You do have legal insurance as an add-on to your household cover I presume?
    ******************
    • Steven_A
    • By Steven_A 12th Jun 17, 3:38 PM
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    Steven_A
    • #7
    • 12th Jun 17, 3:38 PM
    • #7
    • 12th Jun 17, 3:38 PM
    Thanks very much for those responses, very helpful.

    in terms of the gardening, ntohing takes place on my property. Although I do have access from my side gate to the communal pathway which contains a small flowered area which is tended to maybe twice a year. I have my own front gate however so i tend to use that
    • eddddy
    • By eddddy 12th Jun 17, 3:48 PM
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    eddddy
    • #8
    • 12th Jun 17, 3:48 PM
    • #8
    • 12th Jun 17, 3:48 PM
    They are asking for a meeting with us about this now.
    Originally posted by Steven_A
    This would suggest to me that they know they're 'in trouble'. Otherwise they would just send you a short letter.

    Unless you are very confident in negotiating, don't agree to anything at the meeting - just listen and say that you will have a think about it and get back to them.

    I'm thinking of just passing them to our solicitors to deal with to resolve it
    Originally posted by Steven_A
    From memory, my solicitor charges about £250 an hour plus £9 to receive an email, £60 to send a letter.

    It might be worth finding out what the developer wants to say before involving solicitors.
    • moneyistooshorttomention
    • By moneyistooshorttomention 12th Jun 17, 4:04 PM
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    moneyistooshorttomention
    • #9
    • 12th Jun 17, 4:04 PM
    • #9
    • 12th Jun 17, 4:04 PM
    I'd rather interpret "a meeting" in a similar way.

    I'm hazarding a guess that there should have been service charges imposed on your property in the first place - but someone somewhere "made a booboo" and didn't write them down in any of the paperwork (Deeds, etc). Followed by someone else noting that it wasnt down in the paperwork and therefore assuring you there was no such charge.

    Now they've realised they should have put it in the paperwork in the first place - and are hoping to persuade you to allow them to do so OR ignore the fact it's not in the paperwork (and therefore not chargeable).

    In your position - I would be "too busy" for a meeting - as I can't honestly see what else it could be about in the circumstances (I may be wrong). As you have no intention of being persuaded into letting them impose a charge that was never there in the first place - then what purpose would it serve for you to go to one?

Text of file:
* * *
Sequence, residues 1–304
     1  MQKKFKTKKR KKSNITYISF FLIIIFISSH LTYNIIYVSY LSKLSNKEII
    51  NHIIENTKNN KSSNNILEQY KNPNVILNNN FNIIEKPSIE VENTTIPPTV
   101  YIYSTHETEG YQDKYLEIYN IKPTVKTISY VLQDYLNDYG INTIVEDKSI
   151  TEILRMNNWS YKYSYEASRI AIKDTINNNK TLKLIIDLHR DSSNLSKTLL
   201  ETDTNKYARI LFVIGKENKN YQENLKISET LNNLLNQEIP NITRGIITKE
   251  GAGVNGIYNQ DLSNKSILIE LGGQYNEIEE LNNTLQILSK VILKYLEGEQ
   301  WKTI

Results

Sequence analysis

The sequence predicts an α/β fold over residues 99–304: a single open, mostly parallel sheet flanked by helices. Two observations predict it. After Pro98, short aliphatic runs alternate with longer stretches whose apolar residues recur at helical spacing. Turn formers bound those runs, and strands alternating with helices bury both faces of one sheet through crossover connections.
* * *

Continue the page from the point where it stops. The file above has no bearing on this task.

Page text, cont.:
There may be some other explanation for what is happening here - but I'd lay pretty good odds that that is what has happened.

    You "bought what you saw" and what you saw did not include service charges by the sound of it.
    ******************
    • AnotherJoe
    • By AnotherJoe 12th Jun 17, 4:34 PM
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    AnotherJoe
    What moneyistooshort said; reply to them stating that "since the TA6 states there is no charge, as you are freehold not leasehold its clear you have made a mistake, please correct your records."
    • G_M
    • By G_M 12th Jun 17, 5:16 PM
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    G_M
    We were specifically told when buying the property that we were no subject to any charges.
    'told'? Pretty meaningless.
    The TA6? Part of the contract.

    Looking through all legal paperwork, the only thing I can see which mentions this, is the TA6 form, which states there is no “management fee”.
    OK
    Having checked the title documents, there is no other mention to this.
    OK

    If they are intent on arguing the point, Should the developer have something they can provide us from their side which legally states we should be paying this?
    Originally posted by Steven_A
    Of course. No court would support their claim for a fee if you had no legal obligation to pay one.



    Dear Mr Whoever,

    Thank you for your letter dated (X) enclosing an invoice for £Y for alleged services provided to the above address, and your subsequent (phone conversation?) requesting a meeting.

    I should like to make the following points:

    1) I have never requested, or contracted, any of these services, which, if provided, were provided without my consent, and without consultation

    2) My Title documents, and Deeds, show no requirement to pay any management fee, service charge, or any other charges, to any Party

    3) My Title documents, and Deeds, show no services to which I am entitled, and hence I have never expected or demanded any such services.

    4) The form TA6 (copy enclosed) provided as part of the Standard Conditions of Sale from when I purchased the property clearly show that no fees are associated with the property.